A conforming loan is a mortgage that meets the requirements to be purchased by housing finance giants Fannie Mae or Freddie Mac. If you’re in the market for a home, you’ve probably heard this term, along with others, such as nonconforming loan and conventional loan.
As you choose the right loan for your needs, you should understand the features of a conforming loan. Keep reading to find out what is a conforming loan and whether it’s the right product for you.
What Are the Conforming Loan Limits for 2022?
Home prices rose dramatically in 2021, and the conforming loan limits for the new year reflect that rise.
The conforming loan limit in 2022 for single-family dwellings is $647,200. That’s an 18.05% increase from 2021’s limit of $548,250 and a dollar increase of almost $100,000. This matches the percentage increase in the average U.S. home value over the past year.
Limits are higher for multifamily properties. The caps in 2022 are:
— $828,700 for a two-unit property.
— $1,001,650 for a three-unit property.
— $1,244,850 for a four-unit property.
What Is the High-Balance Conforming Loan Limit for 2022?
Although most counties follow the baseline limits, some areas with higher-than-average property values will have higher conforming loan limits.
High-cost areas tend to be on the West Coast as well as in the Northeast, Alaska and Hawaii. For a single-unit home in these areas, the conforming loan limit in 2022 is $970,800; 150% of the baseline limit of $647,200.
The caps for multifamily properties in high-cost areas in 2022 are:
— $1,243,050 for a two-unit property.
— $1,502,475 for a three-unit property.
— $1,867,275 for a four-unit property.
Counties in these areas are allowed high-balance conforming loans that exceed the baseline limit. High-balance conforming loans must also follow the lending guidelines set by the Federal Housing Finance Agency.
You can find the conforming loan limit for your area here or speak with a mortgage professional.
[Read: Best Mortgage Lenders.]
Conforming vs. Nonconforming Loans: What’s the Difference?
As the name indicates, a conforming mortgage must meet, or conform to, Freddie Mac and Fannie Mae purchase criteria, including:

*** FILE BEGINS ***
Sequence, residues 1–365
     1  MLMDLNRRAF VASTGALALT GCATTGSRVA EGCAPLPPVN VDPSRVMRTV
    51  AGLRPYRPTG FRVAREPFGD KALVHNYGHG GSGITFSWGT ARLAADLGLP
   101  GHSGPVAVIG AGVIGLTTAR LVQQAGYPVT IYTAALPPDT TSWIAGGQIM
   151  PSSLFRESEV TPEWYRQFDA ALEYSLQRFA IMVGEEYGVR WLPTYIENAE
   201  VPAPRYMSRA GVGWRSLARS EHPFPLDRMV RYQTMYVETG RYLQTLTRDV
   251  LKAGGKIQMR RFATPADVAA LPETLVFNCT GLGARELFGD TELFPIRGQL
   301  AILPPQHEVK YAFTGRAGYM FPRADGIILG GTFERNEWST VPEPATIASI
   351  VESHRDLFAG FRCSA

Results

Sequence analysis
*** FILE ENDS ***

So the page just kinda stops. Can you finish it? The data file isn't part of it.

— The dollar limit on the size of the loan set by the FHFA.
— The type of property.
— The down payment and borrower’s credit history.
When a loan exceeds FHFA loan limits, it may be referred to as a jumbo loan and cannot be purchased by Fannie or Freddie. Jumbo loans usually have stricter rules, such as higher credit score or cash reserve requirements, compared with other types of mortgages because the borrower is taking on a larger amount of debt.
Mortgages are also considered nonconforming when they do not meet the other purchase requirements of Fannie Mae and Freddie Mac, says Mike Laffey, branch production manager for Silverton Mortgage in Charlotte, North Carolina.
Fannie Mae and Freddie Mac use strict underwriting criteria, including credit score and debt-to-income ratio guidelines, for the loans they buy and sell on the secondary market. They allow lenders to offload risk and pass on better rates and terms to borrowers.
Is a Conforming Loan the Same as a Conventional Loan?
Nonconforming loans are simply those that do not meet Fannie and Freddie requirements. Some people use the terms conforming loan and conventional loan interchangeably, but there is a difference.
A conventional loan is a loan that does not have government backing or insurance. Some of the government agencies that secure mortgages include the Federal Housing Administration, the U.S. Department of Agriculture and the U.S. Department of Veterans Affairs.
[Read: Best FHA Loans.]
How Can You Get a Conforming Loan?
You’ll need to meet guidelines set by Fannie and Freddie to qualify for a conforming loan. These include:
— A credit score of at least 620.
— A debt-to-income ratio of up to 45% — and 50% in some cases.
— A stable and verifiable income.
Debt-to-income ratio refers to how much of your income is needed to cover your monthly debt payments. If you earn $7,000 per month and you pay $2,000 for your home loan and $1,000 for your other monthly bills, your DTI would be about 43%.
An income situation that is straightforward can also be helpful. “The way we verify income has to be very traditional,” Laffey says.
A W-2 showing steady income can make qualifying easier than if you have fluctuating self-employed income or if you have job-hopped in the last couple of years. That’s not to say that freelancers or entrepreneurs can’t get conforming loans, but they could have to jump through more paperwork hoops to get them.
If you can’t quite meet the standards for conforming loans, do not worry, Laffey says. “There’s a marketplace and other programs available for people who don’t fit that box.”
[Read: Best VA Loans.]
Is a Conforming Loan Good?
When you get a conforming loan, you are working within limits the FHFA has deemed low risk.
A conforming loan can offer a great deal if you meet borrowing criteria, Laffey says. “If you can do the pay stubs and W-2s, and your credit and debt ratios are in line, you can end up with better terms” with a conforming loan, he says.
But most important, says Doug Leever, mortgage sales manager for South Florida’s Tropical Financial Credit Union: “Shop around and get with a trusted lender.”
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Update 12/30/21: This story was previously published at an earlier date and has been updated with new information.